Mabank High School gains national
By Barbara Gartman
Monitor Staff Writer
MABANK–Mabank High School was included in the U.S. News
top 1,500 high schools in the nation.
Courtesy Photo/Studio 35
Mabank High School principal Dr. Tommy Wallis (front and center)
credits his 125-member staff with 36 core subject teachers for helping
make Mabank High School one of the top schools in the nation. The school
was listed in the top 1,500 high schools by a U.S. News survey of more
than 19,000 high schools nationwide.
The district heard the good news when it returned from Christmas break,
principal Dr. Tommy Wallis said.
“We ranked in the top 1,000 high schools in the nation. More than 19,000
United States high schools were reviewed. We were in the top 1,000,”
Wallis said excitedly.
U.S. News reviewed 19,000 high schools nationwide and divided the top
schools in three categories: gold, silver and bronze. Mabank High School
is listed in the Bronze category of 1,000 school. The silver category
lists 405 schools. U.S. News ranked the top 100 high schools in its gold
About 162 Texas high schools were included in one of the categories.
The honor was linked to the students Texas Assessment of Knowledge and
Skills (TAKS) test, Wallis said.
Almost 50 percent of MHS students are considered economically
disadvantaged. Students in that category usually perform poorer on the
state standardized test (TAKS), he added.
But 84 percent of MHS disadvantaged students performed at the state’s
“People ask why our students do so much better than other schools, and I
tell them our teachers build lasting relationships.
“We hold our students, teachers and administration at a high
accountability rate. Our faculty truly believes that all kids have the
ability to learn,” Wallis explained.
“It’s not just the school that benefits from the honor, it’s the whole
community, the economy and real estate,” Wallis said.
“When we ask why a student is coming into our district, they say ‘the
school,’ that’s their reason,” he said.
TAKs is a problem for many school districts and increasing the number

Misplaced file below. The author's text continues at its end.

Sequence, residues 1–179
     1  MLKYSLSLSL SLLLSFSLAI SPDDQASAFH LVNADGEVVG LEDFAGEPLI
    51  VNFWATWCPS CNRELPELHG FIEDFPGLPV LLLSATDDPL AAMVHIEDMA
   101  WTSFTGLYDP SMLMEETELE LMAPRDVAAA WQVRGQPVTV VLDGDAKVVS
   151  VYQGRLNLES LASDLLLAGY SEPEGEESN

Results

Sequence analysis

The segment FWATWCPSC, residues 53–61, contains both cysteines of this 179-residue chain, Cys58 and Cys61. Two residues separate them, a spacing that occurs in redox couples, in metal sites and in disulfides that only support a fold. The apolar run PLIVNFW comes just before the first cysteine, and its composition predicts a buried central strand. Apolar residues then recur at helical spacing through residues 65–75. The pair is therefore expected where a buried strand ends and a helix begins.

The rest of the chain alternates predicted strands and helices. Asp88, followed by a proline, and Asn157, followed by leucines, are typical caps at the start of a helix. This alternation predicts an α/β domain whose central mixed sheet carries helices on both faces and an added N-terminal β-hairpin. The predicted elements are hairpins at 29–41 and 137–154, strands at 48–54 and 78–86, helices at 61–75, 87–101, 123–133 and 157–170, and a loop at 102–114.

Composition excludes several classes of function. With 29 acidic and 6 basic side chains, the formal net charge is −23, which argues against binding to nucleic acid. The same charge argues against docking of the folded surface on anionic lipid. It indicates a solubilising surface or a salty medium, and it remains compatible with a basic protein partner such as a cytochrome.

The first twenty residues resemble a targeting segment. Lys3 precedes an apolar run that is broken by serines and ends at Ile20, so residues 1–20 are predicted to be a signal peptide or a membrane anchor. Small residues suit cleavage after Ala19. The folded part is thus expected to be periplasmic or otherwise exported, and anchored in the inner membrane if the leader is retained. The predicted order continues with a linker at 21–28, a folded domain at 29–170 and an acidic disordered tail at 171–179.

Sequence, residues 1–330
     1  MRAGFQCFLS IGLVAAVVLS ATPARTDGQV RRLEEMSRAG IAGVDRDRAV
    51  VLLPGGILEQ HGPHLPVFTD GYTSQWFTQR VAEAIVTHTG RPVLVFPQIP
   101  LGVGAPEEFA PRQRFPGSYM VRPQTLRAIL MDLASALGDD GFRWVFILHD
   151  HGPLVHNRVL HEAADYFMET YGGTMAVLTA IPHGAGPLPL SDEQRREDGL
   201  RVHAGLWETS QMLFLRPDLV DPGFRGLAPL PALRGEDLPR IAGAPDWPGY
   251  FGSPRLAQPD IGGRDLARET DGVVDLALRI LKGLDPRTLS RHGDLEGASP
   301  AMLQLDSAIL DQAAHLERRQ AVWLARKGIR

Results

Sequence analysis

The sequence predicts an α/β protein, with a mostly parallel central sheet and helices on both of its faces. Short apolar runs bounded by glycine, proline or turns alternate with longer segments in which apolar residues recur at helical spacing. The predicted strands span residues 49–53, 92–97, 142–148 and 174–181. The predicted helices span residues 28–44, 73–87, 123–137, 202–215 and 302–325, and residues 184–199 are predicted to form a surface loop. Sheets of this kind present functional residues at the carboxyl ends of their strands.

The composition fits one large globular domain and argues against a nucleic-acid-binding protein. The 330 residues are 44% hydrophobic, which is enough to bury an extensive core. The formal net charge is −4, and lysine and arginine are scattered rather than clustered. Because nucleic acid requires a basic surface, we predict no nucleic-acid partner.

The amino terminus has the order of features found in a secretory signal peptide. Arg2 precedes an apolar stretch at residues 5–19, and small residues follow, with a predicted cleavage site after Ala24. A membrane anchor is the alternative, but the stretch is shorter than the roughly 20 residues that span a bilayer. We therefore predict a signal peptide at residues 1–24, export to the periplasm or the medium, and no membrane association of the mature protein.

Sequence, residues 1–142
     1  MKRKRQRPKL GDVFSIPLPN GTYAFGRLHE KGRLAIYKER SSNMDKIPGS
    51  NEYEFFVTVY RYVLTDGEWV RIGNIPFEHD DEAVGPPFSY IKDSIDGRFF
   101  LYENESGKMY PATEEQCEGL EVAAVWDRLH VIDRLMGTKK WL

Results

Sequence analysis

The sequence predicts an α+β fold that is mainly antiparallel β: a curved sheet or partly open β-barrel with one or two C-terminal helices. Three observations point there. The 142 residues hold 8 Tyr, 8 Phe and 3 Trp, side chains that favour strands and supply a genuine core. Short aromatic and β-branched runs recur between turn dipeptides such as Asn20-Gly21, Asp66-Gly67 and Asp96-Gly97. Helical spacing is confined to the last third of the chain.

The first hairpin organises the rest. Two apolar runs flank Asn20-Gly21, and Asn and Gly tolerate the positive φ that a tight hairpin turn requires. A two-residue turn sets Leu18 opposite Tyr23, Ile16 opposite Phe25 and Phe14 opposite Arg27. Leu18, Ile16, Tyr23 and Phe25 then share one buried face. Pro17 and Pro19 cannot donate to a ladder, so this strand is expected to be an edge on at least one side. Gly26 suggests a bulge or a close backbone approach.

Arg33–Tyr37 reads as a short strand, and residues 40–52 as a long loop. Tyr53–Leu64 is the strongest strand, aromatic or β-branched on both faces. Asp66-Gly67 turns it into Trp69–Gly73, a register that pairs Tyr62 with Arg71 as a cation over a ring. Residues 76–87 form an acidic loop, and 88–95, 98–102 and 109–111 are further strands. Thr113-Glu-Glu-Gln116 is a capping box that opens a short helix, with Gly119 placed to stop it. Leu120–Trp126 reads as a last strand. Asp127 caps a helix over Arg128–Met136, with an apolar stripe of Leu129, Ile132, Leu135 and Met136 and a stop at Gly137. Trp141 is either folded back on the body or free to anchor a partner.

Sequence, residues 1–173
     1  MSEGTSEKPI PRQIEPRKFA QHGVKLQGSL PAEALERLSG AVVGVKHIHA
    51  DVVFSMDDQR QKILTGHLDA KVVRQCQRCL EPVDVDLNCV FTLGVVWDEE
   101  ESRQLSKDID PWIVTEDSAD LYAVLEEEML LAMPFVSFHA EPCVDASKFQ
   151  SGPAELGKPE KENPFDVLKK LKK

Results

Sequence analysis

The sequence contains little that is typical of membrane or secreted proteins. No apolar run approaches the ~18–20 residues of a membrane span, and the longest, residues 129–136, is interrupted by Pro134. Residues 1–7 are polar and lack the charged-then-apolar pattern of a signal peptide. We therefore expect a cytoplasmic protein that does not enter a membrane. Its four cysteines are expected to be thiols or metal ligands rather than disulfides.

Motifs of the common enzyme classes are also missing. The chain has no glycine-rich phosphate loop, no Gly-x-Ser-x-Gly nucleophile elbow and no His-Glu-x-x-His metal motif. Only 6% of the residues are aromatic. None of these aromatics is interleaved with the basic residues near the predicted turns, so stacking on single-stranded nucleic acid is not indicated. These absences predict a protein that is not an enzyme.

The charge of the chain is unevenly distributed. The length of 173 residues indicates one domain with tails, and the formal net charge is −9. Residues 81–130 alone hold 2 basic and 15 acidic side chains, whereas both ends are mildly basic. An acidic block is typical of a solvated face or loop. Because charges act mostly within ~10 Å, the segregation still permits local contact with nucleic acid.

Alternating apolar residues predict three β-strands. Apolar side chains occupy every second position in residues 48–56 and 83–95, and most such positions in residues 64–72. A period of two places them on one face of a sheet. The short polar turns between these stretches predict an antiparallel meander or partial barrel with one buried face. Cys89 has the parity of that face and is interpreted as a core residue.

who pass the test is always a goal.
“We have a lot of creative and out-of-the-box thinking on the TAKS test
(when it comes to helping students pass). We try to make true-life
experiences relevant to learning,” Wallis said.
Other Texas school districts are keenly aware of Mabank High School’s
“Schools come from all over the state, and we set up staff-development
programs for them,” he said.
Over time, the district has added some advanced training courses.
“Over the past five years, we have focused on allowing students to get a
certification they can fall back on; emergency medical technician,
pharmaceutical technician, hunter and wildlife skills, Ready-Set-Teach
and auto mechanical technician certification,” Wallis pointed out.
Because students work harder at core class grades, they are able to take
part in other activities.
“We have a larger number of students participating in many more
extracurricular activities. Our students work harder here,” he
Despite their hard work, Wallis is still concerned many students are
denied everyday opportunities.
“A lot of our kids have never seen the ocean or the mountains. They have
never been to a five-star restaurant or seen an opera,” Wallis said.
The district has a total staff of 125, which includes the 36 core
subject teachers – math, English, social studies and science.
Wallis credits the teachers, staff and students with the success the
district has made.
“I am very proud of this honor. The past two years, the school was
listed as a top high school in Texas, but to rank among the nation’s
best, that’s awesome,” he said.
“I’m proud,” he added.
“It was a surprise. I did not expect it,” Wallis said.
“I knew we were good. I just didn’t know we were that good,” he added.
No new police officer, now
Police chief gets 40-cent pay raise
By Pearl Cantrell
Monitor Staff Writer
PAYNE SPRINGS–The majority of Payne Springs City Council members are
holding the line on spending, in spite of being bullied by the mayor and
the object of loud complaints by visitors at Tuesday’s meeting.
“‘Just because it’s in the budget does not mean we have to spend it,’ is
what you said,” Councilman Lynn Sorrell told Mayor Michael McDonald when
McDonald continued to press the council into hiring at least one of the
two police officers included in the fiscal year (FY) 2008 budget
unanimously passed in November.
Sorrell and councilmen Odell Terrell and Carl Powell voted “not to hire
a new police officer at this time.” Powell made the motion.
Powell and Sorrell said they opposed hiring a new officer because they
didn’t want to hire James East.
East, a reserve officer, has been serving the city full-time without pay
since Police Chief Carey James resigned in October.
In August, the council refused to raise James’ pay from $10 an hour to
Several audience members reached in their wallets to give a contribution
to East in appreciation for his service.
“He can’t take that,” Police Chief Shane Renberg said. “The law sees
that as a bribe.”
“If you don’t hire me, hire somebody,” East shouted from the back of the
room. “The chief needs help.”
In a related action, the council considered a raise for the chief, or
putting him on salary.
Terrell supported a dollar per hour raise (to $13.10), but Powell moved
to set a salary of $26,000 a year for a 40-hour work week, plus straight
hourly pay ($12.50) for overtime, with the idea that overtime was to be